Nu, which is it?  (Or better put, which is it for you?)  Purely and simply a “Say Uncle” kind of situation?  A couple of important, helpful words … without the cosmic punch.  Or something greater, grander and more weighty?

Nothing To Say – Day #28

Some days no matter the words that come mind, just don’t cut it.  Today is one of those days, so perhaps these words (and the accompanying chant) may be a better fit for today.

(Sadly) Truly Scrumptous No More – Day #29

I just finished watching Chitty, Chitty, Bang Bang with my family …. it was the first time that I had seen the movie since I was my daughter’s age (approximately 8 years old). Before I sat down to watch for a moment I recalled my memories of the movie. Beyond the flying car – my memories were mainly focused on the lead female character. I could not remember her name (the actress or the character), but I did remember the feelings I had for her! She may have been my first movie experience crush (it was either her or Anne Baxter playing nefertiti in The Ten Commandments). I was curious (even eager) to relive this long ago crush.

Well, Truly Scrumptous (yes, that is actually the character’s name) didn’t age too well. Technically, she probably looked better (as did the whole movie) in this blu-ray version than on whatever screen I met her first a few decades ago. In this viewing she was still blond and pretty, but wasn’t my type at all! She ran around the whole movie in what looked like a wedding dress.  Truly was at first snobby and pretentious and then quickly made the turn to weepy and love struck. Yech!  So much for the good old days …

I was thinking about the ‘good old days’ terms of one of the prayers we sing a few times during Elul and the Days of Awe (it is also sung at the end of the Torah service each week). ‘Hashiveinu’ the line begins … ‘Return us’ and then’ renew our days as in our beginning’ The prayer and its meaning is sometimes taken in the spirit of: ‘Oh the good old days, if it could only be like that again.’ However, as I experienced in my reunion with Trudy Scrumptous, going back the the beginning or the good old days is not always a winning formula for finding meaning.

My understanding of this returning and this renewing is much more technologically formulated. The push this time of year is not for us to go back to the ‘good old days’. It is not about lamenting that when we were kids everything was simpler or when people were more/less (choose one) _______________ (fill in the blank). It is about restoring our ‘default settings’. We know this language from using any technology today. Everyday our phones, our computers our iWhatevers provide our portal to the world wide web.  In accessing that web each day they pick up viruses or unnecessary files and programs that get in the way of their efficient functioning. We restore those ‘default settings’ in an effort to clean them, even purify them – so that they can realize a more efficient and higher level of access.

Our experience is similar. In our everyday functioning our ‘hardware’ gets slowed down by our interaction with the ‘web’ around us. We need to restore our ‘default settings’ in order to realize our highest ‘efficiency’. What are human being’s ‘default settings’? In a way a very personal question, but I would assume they have to do with remembering things what is most important to us, our unique gifts and talents and what parts of this world give us joy, meaning and a sense of place.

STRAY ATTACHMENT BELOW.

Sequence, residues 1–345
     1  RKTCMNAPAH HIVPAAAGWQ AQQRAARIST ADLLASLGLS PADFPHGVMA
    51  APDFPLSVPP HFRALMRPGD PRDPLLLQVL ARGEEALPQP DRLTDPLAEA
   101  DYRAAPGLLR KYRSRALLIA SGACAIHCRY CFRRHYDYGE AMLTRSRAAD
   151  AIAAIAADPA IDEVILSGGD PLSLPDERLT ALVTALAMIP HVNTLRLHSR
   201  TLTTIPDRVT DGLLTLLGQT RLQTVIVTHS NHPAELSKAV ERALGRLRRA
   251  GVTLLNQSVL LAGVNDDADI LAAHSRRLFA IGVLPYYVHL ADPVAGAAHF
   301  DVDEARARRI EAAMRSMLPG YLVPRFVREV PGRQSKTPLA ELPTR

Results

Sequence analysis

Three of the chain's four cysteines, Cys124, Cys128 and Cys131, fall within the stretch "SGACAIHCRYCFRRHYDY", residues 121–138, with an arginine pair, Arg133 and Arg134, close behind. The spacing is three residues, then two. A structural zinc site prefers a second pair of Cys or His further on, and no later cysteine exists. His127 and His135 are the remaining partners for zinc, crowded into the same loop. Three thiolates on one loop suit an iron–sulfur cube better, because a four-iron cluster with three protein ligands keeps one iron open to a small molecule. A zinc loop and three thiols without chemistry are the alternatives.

Hearing  ‘Hashiveinu’ and its call to ‘Renew’ us as in the ‘beginning’ is the same the same thing as you holding down the reset button on your phone the extra few seconds, to achieve that reboot to your device’s default settings.  Not only we each need to press that internal reset button, but we each need to spend some effort being able to respond to the question: “What are your default settings?”

The Smell of Shofar in the Morning – Day #31

As we sound the Shofar these days of Elul and get ready for its big show on Rosh Hashanah and Yom Kippur we pay attention to its distinctive, sharp call and sound.  Frankly, I think the noise it makes is getting too much of the attention … we need to pay more attention to its smell.

Have you ever smelled a Shofar? (And I do not mean the nice and shiny outer shell of the Shofar, but sticking your schnozz down into its innards and taking a nice, deep whiff.)  It smells … AWFUL!  Not surprising, as it used to be attached to animal.   Still, I think we need to pay much more attention to its smell …

We have all heard a Shofar call … and we associate its sounds with the sensations of the New Year (mostly positive) and at the end of Yom Kippur and our fast (all positive).  We invite the children into the sanctuary and delight as they watch the adults making these weird sounds.  We secretly (or not so secretly) time the great Tekiah G’dola blast and see how long the Shofar blower can hold it this year and cheer him or her on as she turns redder and redder.  We let the sound (as sounds often do) warmly transport us to seasons past which we spent happily in a familiar place and with familiar people.  These are all warm, wonderful parts of the Shofar sounds and we should make sure we preserve these associations and experience of the annual Shofar-palooza.

But we need a bit of that awful smell among the warm fuzzies of the Shofar sounds.  In the book of Joshua the sounds of the Shofar are so violent and powerful that they knock down the protective walls of the city of Jericho.  In other places in our sacred story the Shofar is used as a warning, a call to rebel, a signal to engage the enemy in military conflict.  The Shofar is perfect for this time of year because in a spiritual sense we are called to knock down walls (the ones between who we are and who we want become); to rebel (against the status quo that keeps us from progressing and evolving); to begin to engage the enemy (those choices, tendencies and distractions that keep us from sticking to our path).

For this reason I suggest that we need a little scratch and sniff Shofar action AS WELL AS hearing the majestic calls of the Shofar.  Perhaps this new layer of sensory experience will enable us to tune in to this fundamental spirit of the Shofar and what it calls us to do.  Let’s not disregard the wonderful associations we have with its sound, but let’s also let a little of the danger, the subversion and edge into our hearing it … and in the sound and smell of it we can we can reclaim its spirit and respond to its call to wake up, pay attention and to stir things up.